Here’s the Full Lineup for the Cannes Film Festival 2019

The 72nd Cannes Festival poster.

Possibly the most celebrated film festival in the world, the Cannes Film Festival returns this year from May 14 to May 25. For those 11 days in the coastal town of Cannes, France, the best of cinema — and everything that goes into it — will be in the spotlight.

The line-up for this year’s festival was announced Thursday, April 18. Festival officials are calling the selection of in competition films “romantic and political.” Nearly 60 films are in the official selection, 20 of which will highlight cinema from around the world. This year’s poster shows deceased film legend Agnès Varda standing atop the shoulders of a technician while filming her first feature, La Pointe Courte.

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Opening the festival will be the zombie comedy, The Dead Don’t Die, with Adam Driver, Bill Murray, Chloë Sevigny, Steve Buschemi, Selena Gomez, and Tilda Swinton.

The 2018 festival, the first edition of Cannes to occur following film giant Harvey Weinstein’s fall from grace in October 2017, was used in many ways as a platform to discuss sexism in the film industry and to promote gender parity in representation at film festivals. Though the festival said it was committing itself to reaching gender parity, the gender breakdown in this year’s lineup of directors is hardly encouraging.

Among all 60 selections in this year’s festival, there are only 13 female filmmakers out of the total 51. Of the 21 directors representing the 19 films in competition, only four of them are women. That’s one more than last year. The four women in the running for the Palme d’or are Jessica Hausner from Austria, Mati Diop from Senegal, and Cécile Sciamma and Justine Tiret, both from France. Only one woman, Jane Campion, has ever won the Palme d’or in the 71 year history of the festival.

Diop on her own will be making history at the festival even if she doesn’t win: she’s the first black woman to direct an in competition film.

This year’s festival’s star power is no doubt brought Sir Elton John, who will be present for the debut of his biopic, Rocketman, directed by Dexter Fletcher and starring Taron Egerton. Alain Delon, at 83 years old, will receive a Palme d’honneur for his illustrious career.

One notable absence will be Cannes festival regular Quentin Tarantino. The initial plan to premiere his latest film, Once Upon a Time in Hollywoodseems to be on hold because the film isn’t done being edited. The festival’s artistic director Thierry Frémaux indicated at a press conference that it would still be possible for Once Upon a Time in Hollywood to be in the official selection because the selection is still only “90%” complete. (More titles will be announced in the coming weeks.)

Another film power player that won’t be present at the festival this year is Netflix. Frémaux reportedly has no problems with Netflix joining the competition again (they were last there in 2017), but the old guard of French distributors was so horrified by the idea of a streaming service entering the competition that a new rule was made that movies must have planned theatrical releases in France to qualify for the festival. However, an Amazon TV show, Too Old To Die Young, by Nicolas Winding Refn, will be showing two episodes as a part of the out-of-competition selection.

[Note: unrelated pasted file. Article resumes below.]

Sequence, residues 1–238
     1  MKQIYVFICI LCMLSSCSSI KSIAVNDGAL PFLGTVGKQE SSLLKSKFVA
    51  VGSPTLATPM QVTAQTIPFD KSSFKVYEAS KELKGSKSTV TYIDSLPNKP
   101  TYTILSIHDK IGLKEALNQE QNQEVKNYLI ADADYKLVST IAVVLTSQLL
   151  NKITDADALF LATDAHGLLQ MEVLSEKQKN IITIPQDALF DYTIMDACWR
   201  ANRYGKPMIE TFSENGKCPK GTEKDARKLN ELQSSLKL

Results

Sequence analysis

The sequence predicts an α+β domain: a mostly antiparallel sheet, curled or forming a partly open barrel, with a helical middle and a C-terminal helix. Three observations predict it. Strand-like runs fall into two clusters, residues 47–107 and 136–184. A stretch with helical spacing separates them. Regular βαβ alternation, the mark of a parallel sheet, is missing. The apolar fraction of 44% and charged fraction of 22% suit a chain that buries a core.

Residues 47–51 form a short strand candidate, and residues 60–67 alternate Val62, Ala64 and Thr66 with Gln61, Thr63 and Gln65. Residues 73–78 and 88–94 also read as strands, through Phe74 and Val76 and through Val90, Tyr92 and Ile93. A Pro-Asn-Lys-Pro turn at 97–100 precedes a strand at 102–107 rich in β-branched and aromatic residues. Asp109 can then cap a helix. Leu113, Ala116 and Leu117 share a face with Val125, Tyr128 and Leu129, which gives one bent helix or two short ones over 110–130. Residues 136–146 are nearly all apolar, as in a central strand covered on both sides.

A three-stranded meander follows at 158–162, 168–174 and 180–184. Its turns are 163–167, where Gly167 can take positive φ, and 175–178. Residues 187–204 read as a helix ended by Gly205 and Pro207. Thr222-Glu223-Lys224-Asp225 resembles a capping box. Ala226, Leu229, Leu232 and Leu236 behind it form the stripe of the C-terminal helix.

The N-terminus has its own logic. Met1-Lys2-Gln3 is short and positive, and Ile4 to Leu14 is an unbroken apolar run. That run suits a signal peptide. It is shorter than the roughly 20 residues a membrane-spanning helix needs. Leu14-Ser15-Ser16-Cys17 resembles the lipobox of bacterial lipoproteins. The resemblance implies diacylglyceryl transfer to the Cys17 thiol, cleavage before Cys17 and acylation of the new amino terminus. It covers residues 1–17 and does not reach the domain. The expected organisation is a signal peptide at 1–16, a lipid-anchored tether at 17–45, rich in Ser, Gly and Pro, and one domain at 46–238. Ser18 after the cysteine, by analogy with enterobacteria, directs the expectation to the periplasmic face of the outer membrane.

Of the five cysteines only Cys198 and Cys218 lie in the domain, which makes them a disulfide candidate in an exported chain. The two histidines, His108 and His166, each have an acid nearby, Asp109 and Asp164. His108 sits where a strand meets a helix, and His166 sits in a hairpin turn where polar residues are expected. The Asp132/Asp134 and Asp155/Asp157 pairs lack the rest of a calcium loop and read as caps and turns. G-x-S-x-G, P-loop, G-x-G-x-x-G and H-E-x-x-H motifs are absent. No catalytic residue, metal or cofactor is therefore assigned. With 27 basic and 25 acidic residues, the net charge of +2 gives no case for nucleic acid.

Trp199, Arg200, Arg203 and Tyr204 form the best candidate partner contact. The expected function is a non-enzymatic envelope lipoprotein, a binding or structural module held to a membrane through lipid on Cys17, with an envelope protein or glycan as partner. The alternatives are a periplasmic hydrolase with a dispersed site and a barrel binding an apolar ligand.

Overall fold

Here’s a list of all the films (and the TV show) that have been announced for the official festival selection.

The Cannes Official Selection

In Competition
The Dead Don’t Die (dir: Jim Jarmusch) – opening film
Atlantique (dir: Mati Diop)
Bacarau (dir: Kleber Mendonça Filho & Juliano Dornelles)
Frankie (dir: Ira Sachs)
A Hidden Life (dir: Terrence Malick)
It Must Be Heaven (dir: Elia Suleiman)
Les Misérables (dir: Ladj Ly)
Little Joe (dir: Jessica Hausner)
Matthias and Maxime (dir: Xavier Dolan)
Oh Mercy! (dir: Arnaud Desplechin)
Parasite (dir: Bong Joon-ho)
Portrait of a Lady on Fire (dir: Céline Sciamma)
Sibyl (dir: Justine Triet)
Sorry We Missed You (dir: Ken Loach)
Pain and Glory (dir: Pedro Almodóvar)
The Traitor (dir: Marco Bellocchio)
La Gomera (dir: Corneliu Porumboiu)
The Wild Goose Lake (dir: Diao Yinan)
The Young Ahmed (dir: Jean-Pierre and Luc Dardenne)

Un Certain Regard
Adam (dir: Maryam Touzani)
Dylda (dir: Kantemir Balagov)
A Brother’s Love (dir: Monia Chokri)
Bull (dir: Annie Silverstein)
The Climb (dir: Michael Covino)
Evge (dir: Nariman Aliev)
Liberté (dir: Albert Serra)
Invisible Life (dir: Karim Aïnouz)
Jeanne (dir: Bruno Dumont)
Room 212 (dir: Christophe Honoré)
Papicha (dir: Mounia Meddour)
Port Authority (dir: Danielle Lessovitz)
Summer of Changsha (dir: Zu Feng)
The Swallows of Kabul (dir: Zabou Breitman & Eléa Gobé Mévellec)
A Sun That Never Sets (dir: Olivier Laxe)
Zhuo Ren Mi Mi (dir: Midi Z)

Out of competition
The Best Years of a Life (dir: Claude Lelouch)
Diego Maradona (dir: Asif Kapadia)
La Belle Époque (dir: Nicolas Bedos)
Rocketman (dir: Dexter Fletcher)
Too Old to Die Young – North of Hollywood, West of Hell (TV series – dir: Nicolas Winding Refn)

Midnight screenings
The Gangster, the Cop, the Devil (dir: Lee Won-Tae)

Special screenings
Family Romance, LLC (dir: Werner Herzog)
For Sama (dir: Waad Al Kateab, Edward Watts)
Que Sea Ley (dir: Juan Solanas)
Share (dir: Pippa Bianco)
To Be Alive and Know It (dir: Alain Cavalier)
Tommaso (dir: Abel Ferrara)